Providing a Middle-Class Future
On October 17, 1835, Jacob Elfreth, a Philadelphia bookkeeper and Quaker, placed his oldest son, ten-year-old Joseph, on a stagecoach and sent him off to boarding school. Some days later he wrote to his other children, “ It was a trial to him to leave home but he went away like a man without crying any. I hope he will be a good boy, and then he will be happy and it will be a comfort to his father and mother.” Elfreth ended his letter with the aside, “ I sent him a quart of chestnuts yesterday & a volume of Parleys’ magazine both of which I expect will be very acceptable to him.” 1
This brief account describes significant rites of passage for both Jacob and Joseph Elfreth. For the son it was perhaps his first signifi cant step down the path that would lead to manhood and indepen dence, while for the father it marked the beginning to the end of his childrearing years. Such junctures in the lives of individuals often reveal the nature of beliefs and attitudes that are shaping those lives, and from this passage we are given glimpses into men’s childrearing role in nineteenth-century America. Jacob Elfreth’s decision to send Joseph away to school indicates the desire of a father to provide a proper middle-class future for the child-boys attended school to train for a middle-class occupation, while girls prepared for a proper marriage within their class. Jacob’s expressed hope that Joseph would be “good” represents a reminder of the many hours spent teaching strong moral values to Joseph. Jacob ’s emphasis on his son’s going alone and not crying suggests instruction on proper attitudes toward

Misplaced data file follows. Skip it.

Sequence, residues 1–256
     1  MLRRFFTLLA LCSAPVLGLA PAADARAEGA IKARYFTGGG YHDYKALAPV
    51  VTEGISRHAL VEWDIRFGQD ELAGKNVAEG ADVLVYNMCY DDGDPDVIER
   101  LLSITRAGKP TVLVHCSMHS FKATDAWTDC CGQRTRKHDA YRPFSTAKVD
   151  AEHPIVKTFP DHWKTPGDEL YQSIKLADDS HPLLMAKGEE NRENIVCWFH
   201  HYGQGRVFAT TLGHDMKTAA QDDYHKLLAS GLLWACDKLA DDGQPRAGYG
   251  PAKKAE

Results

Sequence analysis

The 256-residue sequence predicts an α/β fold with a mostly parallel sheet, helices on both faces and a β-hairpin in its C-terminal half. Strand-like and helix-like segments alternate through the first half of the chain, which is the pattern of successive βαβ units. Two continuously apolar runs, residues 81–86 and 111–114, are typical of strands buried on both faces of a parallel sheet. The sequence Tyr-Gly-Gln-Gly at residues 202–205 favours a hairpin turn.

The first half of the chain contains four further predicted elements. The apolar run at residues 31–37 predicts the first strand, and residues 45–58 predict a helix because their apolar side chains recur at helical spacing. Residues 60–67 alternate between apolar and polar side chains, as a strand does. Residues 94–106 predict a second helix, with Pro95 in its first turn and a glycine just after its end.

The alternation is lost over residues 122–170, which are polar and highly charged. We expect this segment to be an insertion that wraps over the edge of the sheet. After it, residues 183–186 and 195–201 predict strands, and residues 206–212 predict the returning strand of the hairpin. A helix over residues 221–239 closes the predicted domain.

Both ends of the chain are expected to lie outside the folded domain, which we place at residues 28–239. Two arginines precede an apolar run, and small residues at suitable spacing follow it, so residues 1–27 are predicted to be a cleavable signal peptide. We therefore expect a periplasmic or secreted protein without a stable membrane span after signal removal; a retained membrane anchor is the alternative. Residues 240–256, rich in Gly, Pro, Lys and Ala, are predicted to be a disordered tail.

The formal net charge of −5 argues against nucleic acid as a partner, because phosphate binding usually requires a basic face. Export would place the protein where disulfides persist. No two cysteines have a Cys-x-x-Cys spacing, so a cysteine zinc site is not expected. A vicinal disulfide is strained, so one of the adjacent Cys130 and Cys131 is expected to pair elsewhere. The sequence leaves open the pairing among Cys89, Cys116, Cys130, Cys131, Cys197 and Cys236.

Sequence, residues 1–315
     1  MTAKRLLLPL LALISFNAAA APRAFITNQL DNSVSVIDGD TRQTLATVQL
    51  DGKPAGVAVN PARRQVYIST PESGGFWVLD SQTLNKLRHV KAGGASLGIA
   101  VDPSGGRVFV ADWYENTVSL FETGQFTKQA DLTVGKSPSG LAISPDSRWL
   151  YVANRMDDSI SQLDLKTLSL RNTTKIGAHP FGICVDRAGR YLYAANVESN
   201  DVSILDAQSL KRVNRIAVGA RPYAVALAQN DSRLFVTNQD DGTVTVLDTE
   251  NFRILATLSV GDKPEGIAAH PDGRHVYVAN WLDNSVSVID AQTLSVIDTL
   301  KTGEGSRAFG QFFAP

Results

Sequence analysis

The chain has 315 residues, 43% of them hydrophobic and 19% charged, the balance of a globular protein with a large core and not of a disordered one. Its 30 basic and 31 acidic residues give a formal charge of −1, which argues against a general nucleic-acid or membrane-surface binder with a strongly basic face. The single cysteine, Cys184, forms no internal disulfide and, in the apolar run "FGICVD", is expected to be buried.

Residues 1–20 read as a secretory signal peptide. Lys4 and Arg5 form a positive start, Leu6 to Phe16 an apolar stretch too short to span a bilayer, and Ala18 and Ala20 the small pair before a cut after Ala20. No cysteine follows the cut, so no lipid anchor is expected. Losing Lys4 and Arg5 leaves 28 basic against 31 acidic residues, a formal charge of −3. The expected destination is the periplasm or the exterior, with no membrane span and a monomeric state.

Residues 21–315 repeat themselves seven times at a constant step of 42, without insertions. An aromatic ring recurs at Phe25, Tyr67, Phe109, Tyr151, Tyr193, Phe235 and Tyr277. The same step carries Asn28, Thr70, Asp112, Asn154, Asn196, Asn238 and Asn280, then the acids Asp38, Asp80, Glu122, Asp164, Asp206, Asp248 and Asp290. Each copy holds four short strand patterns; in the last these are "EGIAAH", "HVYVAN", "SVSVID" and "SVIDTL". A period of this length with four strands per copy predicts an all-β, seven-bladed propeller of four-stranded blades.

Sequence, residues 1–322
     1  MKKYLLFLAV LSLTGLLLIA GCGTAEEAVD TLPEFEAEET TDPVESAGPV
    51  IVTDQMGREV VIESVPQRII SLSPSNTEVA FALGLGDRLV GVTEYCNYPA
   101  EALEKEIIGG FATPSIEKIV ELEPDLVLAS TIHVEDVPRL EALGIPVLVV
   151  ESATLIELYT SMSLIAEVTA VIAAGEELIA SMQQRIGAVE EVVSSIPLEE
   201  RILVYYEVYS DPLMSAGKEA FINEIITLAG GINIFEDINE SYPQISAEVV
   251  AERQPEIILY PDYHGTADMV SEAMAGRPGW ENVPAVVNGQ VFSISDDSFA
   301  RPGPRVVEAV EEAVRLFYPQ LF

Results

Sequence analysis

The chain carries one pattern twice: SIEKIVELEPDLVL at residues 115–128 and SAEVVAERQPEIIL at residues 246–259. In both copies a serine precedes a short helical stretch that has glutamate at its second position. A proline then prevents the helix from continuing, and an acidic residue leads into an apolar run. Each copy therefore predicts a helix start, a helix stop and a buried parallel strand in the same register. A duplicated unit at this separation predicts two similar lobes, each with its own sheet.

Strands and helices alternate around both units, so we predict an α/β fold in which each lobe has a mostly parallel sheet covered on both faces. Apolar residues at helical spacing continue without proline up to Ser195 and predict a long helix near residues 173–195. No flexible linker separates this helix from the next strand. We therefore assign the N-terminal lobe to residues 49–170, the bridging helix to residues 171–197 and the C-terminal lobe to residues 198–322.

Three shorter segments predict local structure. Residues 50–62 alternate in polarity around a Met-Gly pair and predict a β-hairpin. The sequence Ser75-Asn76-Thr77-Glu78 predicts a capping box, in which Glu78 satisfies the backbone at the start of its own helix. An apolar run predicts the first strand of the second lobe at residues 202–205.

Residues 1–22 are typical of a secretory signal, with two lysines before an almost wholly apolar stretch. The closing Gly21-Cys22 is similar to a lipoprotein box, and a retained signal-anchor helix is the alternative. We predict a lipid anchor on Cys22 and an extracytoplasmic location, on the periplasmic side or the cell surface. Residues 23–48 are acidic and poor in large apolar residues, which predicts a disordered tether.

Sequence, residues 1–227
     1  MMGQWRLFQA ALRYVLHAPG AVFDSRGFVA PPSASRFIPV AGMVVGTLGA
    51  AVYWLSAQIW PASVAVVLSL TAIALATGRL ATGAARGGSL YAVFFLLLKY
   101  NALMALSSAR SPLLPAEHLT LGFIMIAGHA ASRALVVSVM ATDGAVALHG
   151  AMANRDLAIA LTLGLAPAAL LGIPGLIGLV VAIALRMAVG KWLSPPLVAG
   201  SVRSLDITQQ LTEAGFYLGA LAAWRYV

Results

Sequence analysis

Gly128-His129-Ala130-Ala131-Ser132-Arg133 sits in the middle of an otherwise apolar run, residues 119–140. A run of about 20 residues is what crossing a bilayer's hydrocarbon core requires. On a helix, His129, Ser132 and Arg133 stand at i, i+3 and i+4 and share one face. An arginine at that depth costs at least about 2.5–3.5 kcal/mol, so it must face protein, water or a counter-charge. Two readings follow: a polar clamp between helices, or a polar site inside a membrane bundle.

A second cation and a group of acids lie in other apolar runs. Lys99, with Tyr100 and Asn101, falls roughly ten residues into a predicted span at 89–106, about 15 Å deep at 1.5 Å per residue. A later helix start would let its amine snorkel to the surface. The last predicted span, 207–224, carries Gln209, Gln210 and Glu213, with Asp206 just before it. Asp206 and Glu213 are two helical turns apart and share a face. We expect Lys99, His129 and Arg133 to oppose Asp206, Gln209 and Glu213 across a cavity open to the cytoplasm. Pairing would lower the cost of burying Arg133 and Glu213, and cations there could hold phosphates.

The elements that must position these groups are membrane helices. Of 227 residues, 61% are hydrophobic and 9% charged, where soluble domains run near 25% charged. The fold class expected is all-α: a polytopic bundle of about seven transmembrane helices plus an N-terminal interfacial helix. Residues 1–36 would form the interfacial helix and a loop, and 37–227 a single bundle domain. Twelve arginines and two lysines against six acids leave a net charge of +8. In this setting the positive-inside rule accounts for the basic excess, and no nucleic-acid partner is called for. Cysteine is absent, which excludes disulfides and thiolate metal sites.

masculinity. Central to each of these comments is a fatherly desire to shape his children. Not only can we guess the topics of discussion that probably dominated the departure scene, but we can also suppose that Elfreth used the event (through the letter) to instruct his younger chil dren in the same values. Jacob Elfreth believed that his children needed a strong sense of morality and proper gender identity, along with the right secular knowledge, to succeed in the newly industrial izing America, and thus, like most middle-class fathers during his day, he sought to teach these things to his children.